The Mitzvah of Being Alive

U’shemartem es chukosai v’es mishpatai asher ya’aseh osam ha’adam v’chai bahem ani Hashem (18:5)

In Parashas Acharei Mos, we are commanded to guard Hashem’s decrees and laws and live through them. From the Torah’s emphasis on observing the commandments and living, the Gemara (Sanhedrin 74a) derives that the mitzvos were given to us in order to live, not to die. Therefore, if keeping one of the commandments will result in a potential danger to a person’s life, he should disregard the law for the purpose of pikuach nefesh — in order to preserve his life, with the exception of sins involving murder, idolatry or forbidden relationships.

Although the idea of doing something that is normally forbidden for the purpose of pikuach nefesh is a situation in which many of us hope not to find ourselves, our Gedolim viewed it differently, as simply one of the 613 mitzvos that a person may perform in life, one which should be done with the same joy and concentration as any other mitzvah.

At the end of the life of the Brisker Rav, zt”l, he was very weak and ill, and he understood that the primary purpose of his life at that point was to perform constantly the mitzvah of v’chai bahem — keeping oneself alive — and when he was counting and measuring out his various medications, he did so with the same precision and focus that he applied to every other mitzvah.

This perspective is not surprising, as he recounted that when his father, Harav Chaim Soloveitchik, zt”l, was required to eat on a fast day for reasons of health, he made sure to eat in full view of others for two reasons. First, there were sick people in Brisk who may have felt uncomfortable about eating on a fast day and hesitated to do so, thereby jeopardizing their lives, but when they saw the respected Rav of the town eating publicly due to his physical state without any compunctions, they would do so as well.

Second, if he insisted on eating privately where nobody could see him, he would be demonstrating that he felt that what he was doing was on some level less than ideal. Such an attitude is incorrect, as the reason that we fast is in order to fulfill Hashem’s will, and the same G-d Who instructed us not to eat on certain days also commanded us to eat on those days if fasting would endanger our lives because we are sick.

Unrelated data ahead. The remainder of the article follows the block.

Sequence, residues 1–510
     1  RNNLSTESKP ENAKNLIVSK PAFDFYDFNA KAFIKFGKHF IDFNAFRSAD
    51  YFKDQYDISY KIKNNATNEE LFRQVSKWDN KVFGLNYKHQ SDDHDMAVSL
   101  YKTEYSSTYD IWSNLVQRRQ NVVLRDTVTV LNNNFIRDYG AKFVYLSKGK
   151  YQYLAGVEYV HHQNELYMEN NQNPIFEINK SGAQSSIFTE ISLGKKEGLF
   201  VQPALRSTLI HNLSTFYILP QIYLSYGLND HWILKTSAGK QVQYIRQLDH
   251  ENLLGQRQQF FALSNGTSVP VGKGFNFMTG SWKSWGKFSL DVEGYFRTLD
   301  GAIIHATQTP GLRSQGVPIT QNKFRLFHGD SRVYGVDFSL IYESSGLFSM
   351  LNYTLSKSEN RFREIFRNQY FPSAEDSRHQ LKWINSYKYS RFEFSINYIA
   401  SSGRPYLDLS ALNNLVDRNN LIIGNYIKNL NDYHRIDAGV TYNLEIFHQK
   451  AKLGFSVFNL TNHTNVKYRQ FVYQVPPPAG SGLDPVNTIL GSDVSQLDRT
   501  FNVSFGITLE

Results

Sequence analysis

The Brisker Rav added that just as everybody understands that circumcising an eight-day-old baby boy on Shabbos is not only permitted but required, and nobody would ever insist on doing so in private due to the fact that drawing blood is otherwise prohibited on Shabbos, so too, nobody should feel ashamed when performing Hashem’s will by eating on a fast day for the sake of his health.

In one of his lectures, Rabbi Ezriel Tauber, z”l, recounted that at the end of his father’s life, he was wheelchair-bound and no longer able to spend his time engaged in Torah study and mitzvah performance as he had done for so many decades. In order to strengthen and encourage him and to prevent him from falling into a state of depression, Rav Tauber approached his father and told him that Hashem loved him and was taking good care of him. His surprised father asked for an explanation.

Rav Tauber responded by asking his father to identify a Biblical mitzvah that he had never successfully performed lishmah (for its own sake), to which his confused father replied that he had always striven his utmost to observe every mitzvah with pure motivations. Rav Tauber continued and suggested that there was one important mitzvah that his father had always performed for ulterior motives: the mitzvah to live. He explained that his father loved mitzvos so much that he had always lived in order to study Torah, to pray, to give tzedakah and to do acts of chessed, but he had never once lived only for the purpose of living and had never once breathed for the sole purpose of v’chai bahem — to give Hashem a living Jew.

However, because Hashem loved the elder Rav Tauber so much and saw his tremendous dedication to mitzvos, He wanted to give him the opportunity to finally fulfill the mitzvah of living for no other reason than because Hashem gave him a mitzvah to live. In order to do so, Hashem had no choice but to place him in a wheelchair and take away his ability to learn Torah and do chessed, so that he would be able for the first time in his life to perform the mitzvah of living lishmah. Rav Tauber added that this perspective was tremendously consoling and uplifting to his father, who repeated it often to those who came to visit him, and can be used to strengthen ourselves should we ever find ourselves in a situation in which we are unable perform mitzvos in the manner to which we are accustomed.

Q: In what case would a person be permitted to do all forms of melachah (work) on Yom Kippur, but forbidden to eat or drink anything?

A: If a person lives near the International Date Line and crosses over it on Yom Kippur from west to east, such that it is now Erev Yom Kippur in his new location, Harav Chaim Kanievsky, shlita, rules that he may now do any type of melachah, for it is not yet Yom Kippur in his current time zone. Nevertheless, because he already began fasting, it is legally considered as if he already accepted the fast upon himself, so he is required to continue fasting until the conclusion of Yom Kippur in his present location.

Originally from Kansas City, Rabbi Alport graduated from Harvard, learned in Mir Yerushalayim for five years, and now lives in Brooklyn, where he learns in Yeshivas Beis Yosef, is the author of the recently published sefer Parsha Potpourri, and gives weekly shiurim. To send comments to the author or to receive his divrei Torah weekly, please email